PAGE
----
Before the close of the meeting, my boss led us in a round of applause for our own hard work and dauntlessness. Though I clapped, something didn’t sit right with me. Unlike medical personnel and emergency responders, we didn’t sign up for potentially life-threatening work. We can’t check the temperature of people entering our store or maintain a safe distance from one another. At the time that memo was read, we were discouraged from wearing masks, because their efficacy against the coronavirus was undetermined. I felt this advice had little to do with pointlessness and more to do with optics. Consumers wouldn’t feel comfortable coming into our store if it looked like the inside of an operating theater.

散会前,老板带领大家鼓掌,为自己辛勤工作和无畏精神而鼓掌。虽然我鼓起了掌,但我心里还是有些不舒服。跟医护人员和急救员不同,我们没有报名参加可能会有生命危险的工作。我们不能检查进入我们店里的人的体温,也不能相互之间保持安全距离。在老板读那封信的时候,还阻拦我们戴口罩,因为“口罩对新冠病毒的预防效果尚不明确”。我觉得这个建议与戴口罩是否有效没有什么关系,更多的是与视觉效果有关。消费者进了我们的店,如果里面看着像是个手术室,会觉得不舒服。 

 

Since that backroom huddle, I have read daily about the newest essential frontline workers—bus drivers, people who work with the homeless community, and, mainly, grocery-store employees. The nation’s leaders and cultural influencers have been tweeting their praises. Every major news outlet has featured a story that has established us as heroes. “We ought to thank [supermarket employees] for their service, not blame them because market lines are long or inventory is low,” a Los Angeles Times article said.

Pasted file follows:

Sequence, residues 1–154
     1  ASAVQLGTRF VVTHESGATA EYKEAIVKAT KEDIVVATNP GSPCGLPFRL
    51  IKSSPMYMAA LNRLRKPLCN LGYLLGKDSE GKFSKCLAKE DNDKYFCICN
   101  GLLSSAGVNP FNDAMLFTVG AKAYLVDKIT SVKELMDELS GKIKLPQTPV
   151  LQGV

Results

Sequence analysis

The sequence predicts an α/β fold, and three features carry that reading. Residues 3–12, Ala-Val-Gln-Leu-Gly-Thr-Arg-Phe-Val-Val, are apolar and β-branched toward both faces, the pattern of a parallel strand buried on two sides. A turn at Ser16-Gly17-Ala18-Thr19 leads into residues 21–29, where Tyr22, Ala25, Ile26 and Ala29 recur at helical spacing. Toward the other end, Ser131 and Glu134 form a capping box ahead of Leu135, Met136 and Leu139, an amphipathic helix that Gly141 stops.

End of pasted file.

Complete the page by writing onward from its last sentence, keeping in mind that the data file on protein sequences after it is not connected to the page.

自从那场里屋会议之后,我每天都会读到关于最新的一线工人的报道,例如公交车司机、无家可归者社区的工作人员,最主要的还是杂货店的员工。国家领导人和网红们在推特上发表着他们的赞美。每家主流新闻媒体都刊登了一个故事,把我们塑造成英雄。《洛杉矶时报》的一篇文章说,“我们应该感谢(超市员工们)的服务,而不是因为排队时间长或库存少而责备他们。”


I fear that many of my co-workers are so high on recognition and glorification, they can’t see the real danger they’re in. It troubles me to hear about people like Jason Hargrove, the Detroit bus driver who died less than two weeks after a passenger coughed openly on his bus, or about how New York City’s hardest-hit neighborhoods are low-income and full of the working poor. I’m afraid that when a grocery-store worker does fall ill, the measures taken in response might lack transparency.

我担心我的许多同事被认可和美誉所鼓舞,以至于忽视眼前的危险。底特律的公交车司机杰森·哈格罗夫因为一名乘客在车上咳嗽时未遮挡而不到两周就离世,纽约市受灾最严重社区住的是从事低报酬的穷忙族,我听到这些新闻就会觉得很心痛。担心当杂货店工人生病倒下时,外人很难知晓他们得到了什么样的治疗。

 

Cashiers and shelf-stockers and delivery-truck drivers aren’t heroes. They’re victims. To call them heroes is to justify their exploitation. By praising the blue-collar worker’s public service, the progressive consumer is assuaged of her cognitive dissonance. When the world isn’t falling apart, we know the view of us is usually as faceless, throwaway citizens. The wealthy CEO telling his thousands of employees that they are vital, brave, and noble is a manipulative strategy to keep them churning out profits.